The Impala name was first used for the full-sized 1956 General Motors Motorama show car that bore Corvette-like design cues, especially the grille. It was named Impala after the graceful African antelope, which was used as the car's logo. Painted emerald green metallic, with a white interior, the Impala concept car featured hardtop styling. Clare MacKichan's design team, along with designers from Pontiac, started to establish basic packaging and dimensions for their shared 1958 General Motors "A" body in June. The first styling sketch that directly influenced the finished Chevrolet automobile was seen by General Motors Styling Vice President Harley Earl in October. Seven months later the basic design was developed. For 1958 GM was promoting their 50th year of production, and introduced anniversary models for each brand; Cadillac, Buick, Oldsmobile, Pontiac, and Chevrolet. The 1958 models shared a common appearance on the top models for each brand; Cadillac Eldorado Seville, Buick Limited Riviera, Oldsmobile Starfire 98, Pontiac Bonneville Catalina, and the Chevrolet Bel-Air Impala.The Impala was introduced for the 1958 model year as top-of-the-line Bel Air hardtops and convertibles. From the windshield (A) pillar rearward the 1958 Bel Air Impala differed structurally from the lower-priced Chevrolet models. Hardtops had a slightly shorter greenhouse and longer rear deck. The wheelbase of the Impala was longer than the lower-priced models, although the overall length was identical. Interiors held a two-spoke steering wheel and color-keyed door panels with brushed aluminum trim. No other series included a convertible.The 1958 Chevrolet models were longer, lower, and wider than their predecessors. The 1958 model year was the first with dual headlamps. The tailfins of the 1957 were replaced by deeply sculptured rear fenders. Impalas had three taillights each side, while lesser models had two and wagons just one. The Impalas included crossed-flag insignias above the side moldings, as well as bright rocker moldings and dummy rear-fender scoops.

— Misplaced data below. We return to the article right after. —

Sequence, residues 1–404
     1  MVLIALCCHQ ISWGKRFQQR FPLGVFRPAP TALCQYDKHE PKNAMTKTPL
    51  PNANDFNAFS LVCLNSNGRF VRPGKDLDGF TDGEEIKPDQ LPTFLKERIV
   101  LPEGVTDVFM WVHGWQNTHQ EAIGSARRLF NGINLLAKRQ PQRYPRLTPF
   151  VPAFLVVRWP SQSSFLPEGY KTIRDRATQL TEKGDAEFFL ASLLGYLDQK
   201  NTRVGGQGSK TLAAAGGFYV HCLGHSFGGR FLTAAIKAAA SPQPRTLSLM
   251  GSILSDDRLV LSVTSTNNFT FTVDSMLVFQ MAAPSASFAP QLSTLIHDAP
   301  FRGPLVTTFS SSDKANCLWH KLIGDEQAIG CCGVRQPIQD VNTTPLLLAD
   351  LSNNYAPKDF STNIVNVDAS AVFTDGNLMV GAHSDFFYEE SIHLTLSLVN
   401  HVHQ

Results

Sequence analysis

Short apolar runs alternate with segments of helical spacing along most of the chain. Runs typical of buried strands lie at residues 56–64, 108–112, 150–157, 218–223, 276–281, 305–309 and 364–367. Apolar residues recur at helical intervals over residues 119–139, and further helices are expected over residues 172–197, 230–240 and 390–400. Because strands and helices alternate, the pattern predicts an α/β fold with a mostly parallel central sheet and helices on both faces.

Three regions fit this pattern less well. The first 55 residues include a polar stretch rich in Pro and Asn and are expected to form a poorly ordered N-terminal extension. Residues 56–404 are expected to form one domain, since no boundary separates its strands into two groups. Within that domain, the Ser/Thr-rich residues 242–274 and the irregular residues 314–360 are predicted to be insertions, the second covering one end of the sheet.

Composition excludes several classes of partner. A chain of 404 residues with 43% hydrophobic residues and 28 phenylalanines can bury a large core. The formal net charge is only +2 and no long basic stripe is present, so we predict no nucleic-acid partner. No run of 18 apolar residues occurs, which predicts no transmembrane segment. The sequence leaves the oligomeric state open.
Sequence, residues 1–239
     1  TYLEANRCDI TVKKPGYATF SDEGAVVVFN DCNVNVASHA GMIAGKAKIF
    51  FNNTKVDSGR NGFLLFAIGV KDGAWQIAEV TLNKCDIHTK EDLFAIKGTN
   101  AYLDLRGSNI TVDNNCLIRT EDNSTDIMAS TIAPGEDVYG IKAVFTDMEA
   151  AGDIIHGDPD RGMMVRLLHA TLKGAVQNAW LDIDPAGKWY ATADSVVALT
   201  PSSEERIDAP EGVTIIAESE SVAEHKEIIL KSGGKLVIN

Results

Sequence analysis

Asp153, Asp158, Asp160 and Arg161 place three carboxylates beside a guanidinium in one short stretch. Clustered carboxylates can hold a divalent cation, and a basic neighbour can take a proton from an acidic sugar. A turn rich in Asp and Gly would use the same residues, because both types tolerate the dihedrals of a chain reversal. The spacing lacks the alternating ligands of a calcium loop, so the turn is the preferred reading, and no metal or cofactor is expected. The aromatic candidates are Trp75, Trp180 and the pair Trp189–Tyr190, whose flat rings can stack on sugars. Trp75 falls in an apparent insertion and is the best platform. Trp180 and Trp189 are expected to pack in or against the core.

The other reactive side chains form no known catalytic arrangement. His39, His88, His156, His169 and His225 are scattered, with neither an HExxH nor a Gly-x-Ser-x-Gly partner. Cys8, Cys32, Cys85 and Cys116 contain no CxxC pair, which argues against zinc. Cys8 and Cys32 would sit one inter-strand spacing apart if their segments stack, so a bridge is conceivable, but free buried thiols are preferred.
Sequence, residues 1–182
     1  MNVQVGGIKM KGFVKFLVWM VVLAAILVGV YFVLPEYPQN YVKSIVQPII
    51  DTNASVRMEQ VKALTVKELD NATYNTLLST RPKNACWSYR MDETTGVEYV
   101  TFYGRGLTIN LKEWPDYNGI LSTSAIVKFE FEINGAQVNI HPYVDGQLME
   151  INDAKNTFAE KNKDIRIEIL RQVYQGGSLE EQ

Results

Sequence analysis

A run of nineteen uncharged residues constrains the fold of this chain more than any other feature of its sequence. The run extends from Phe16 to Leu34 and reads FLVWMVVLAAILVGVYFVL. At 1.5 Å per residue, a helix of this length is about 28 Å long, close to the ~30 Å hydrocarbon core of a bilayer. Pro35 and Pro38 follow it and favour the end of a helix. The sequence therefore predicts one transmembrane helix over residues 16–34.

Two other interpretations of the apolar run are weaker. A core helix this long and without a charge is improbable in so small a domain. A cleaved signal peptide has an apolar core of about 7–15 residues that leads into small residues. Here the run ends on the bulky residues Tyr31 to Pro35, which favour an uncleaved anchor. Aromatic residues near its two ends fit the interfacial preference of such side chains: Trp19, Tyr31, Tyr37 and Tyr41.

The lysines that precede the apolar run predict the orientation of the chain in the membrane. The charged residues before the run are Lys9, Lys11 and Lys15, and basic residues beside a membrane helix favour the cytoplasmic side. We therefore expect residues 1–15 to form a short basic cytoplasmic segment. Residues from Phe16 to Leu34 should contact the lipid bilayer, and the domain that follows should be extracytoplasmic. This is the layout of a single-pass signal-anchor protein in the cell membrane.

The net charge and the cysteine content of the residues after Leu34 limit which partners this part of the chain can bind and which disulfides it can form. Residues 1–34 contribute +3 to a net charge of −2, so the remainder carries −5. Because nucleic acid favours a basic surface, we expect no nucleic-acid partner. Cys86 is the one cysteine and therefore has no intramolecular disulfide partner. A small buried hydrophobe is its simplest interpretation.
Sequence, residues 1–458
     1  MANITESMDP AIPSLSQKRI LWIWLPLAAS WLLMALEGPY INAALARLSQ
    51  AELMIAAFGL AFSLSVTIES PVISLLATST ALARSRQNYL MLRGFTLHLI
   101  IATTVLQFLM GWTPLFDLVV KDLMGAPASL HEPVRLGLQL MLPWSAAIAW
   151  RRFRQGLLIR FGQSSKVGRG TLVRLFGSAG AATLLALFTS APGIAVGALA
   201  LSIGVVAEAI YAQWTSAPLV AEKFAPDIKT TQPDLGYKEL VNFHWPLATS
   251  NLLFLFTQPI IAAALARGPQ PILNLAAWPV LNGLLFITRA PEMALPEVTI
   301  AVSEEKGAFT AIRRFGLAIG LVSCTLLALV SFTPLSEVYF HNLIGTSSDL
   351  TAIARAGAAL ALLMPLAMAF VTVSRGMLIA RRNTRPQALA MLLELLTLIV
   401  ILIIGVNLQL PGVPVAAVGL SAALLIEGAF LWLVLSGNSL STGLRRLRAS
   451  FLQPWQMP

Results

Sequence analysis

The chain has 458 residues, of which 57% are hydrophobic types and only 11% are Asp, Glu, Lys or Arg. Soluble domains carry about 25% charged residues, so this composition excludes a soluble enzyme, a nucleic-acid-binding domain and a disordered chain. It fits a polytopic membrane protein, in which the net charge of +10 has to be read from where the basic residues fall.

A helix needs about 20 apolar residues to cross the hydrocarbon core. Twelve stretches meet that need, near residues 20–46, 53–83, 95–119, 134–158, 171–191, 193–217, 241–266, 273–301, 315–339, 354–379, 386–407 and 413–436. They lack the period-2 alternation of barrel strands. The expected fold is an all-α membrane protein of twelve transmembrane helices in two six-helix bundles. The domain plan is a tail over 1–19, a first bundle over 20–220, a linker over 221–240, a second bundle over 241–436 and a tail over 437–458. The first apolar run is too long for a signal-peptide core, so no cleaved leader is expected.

As part of a GM economy move the 1959 Chevrolet Impala was redesigned to share bodyshells with lower-end BuicksOldsmobiles, and Pontiacs. Using a new X-frame chassis the roof line was 3 inches lower, bodies were 2 inches wider, the wheelbase was 1-1/2 inches longer, and curb weight increased. Flattened tailfins protruded outward, rather than upward. The taillights were a large "teardrop" design at each side, and two slim-wide, nonfunctional front air intake scoops were added just above the grille.The 1960 Impala models reinstated three round taillights on each side, and a white band running along the rear fenders. The 1960 Impala models reinstated three round taillights on each side, and a white band running along the rear fenders. The Impala was restyled on the GM B platform for the first time for 1961. The new body styling was more trim and boxy than the 1958–1960 models. Sport Coupe models featured a "bubbleback" roof line style for 1961, and a unique model, the 2-door pillared sedan, was available for 1961 only. It was rarely ordered. A "Super Sport" (SS) option debuted for 1961. This was also the last year the top station wagon model would have the Nomad name. Power brakes were $43. The 1962 model featured new "C" pillar styling for all models except the 4-door hardtop. Sport Coupe models now featured the "convertible roof" styling, shared with other GM "B" full-size hardtop coupe, which proved popular. The "overhang" roof style of the sedans was replaced with a wider "C" pillar with wraparound rear window. The Beach Boys produced a hit single, "409", referring to the Chevrolet, which became an iconic song for these cars. Impalas again featured premium interior appointments, plusher seats could be done by the dealerships on customer request. And more chrome trim outside, including a full-width aluminum-and-chrome panel to house the triple-unit taillight assembly. Super Sport (SS) models featured that panel in a special engine-turned aluminum, which was also used to fill the side moldings, making the SS more distinctive in appearance. The Impala also gained the top trim station wagon body design, in place of the Chevrolet Nomad model. However, unlike the passenger cars, Impala wagons had dual-unit taillights. Due to reliability problems, the optional Turboglide automatic transmission was discontinued, leaving Powerglide the only automatic transmissionavailable until 1965. A new radio was optional.
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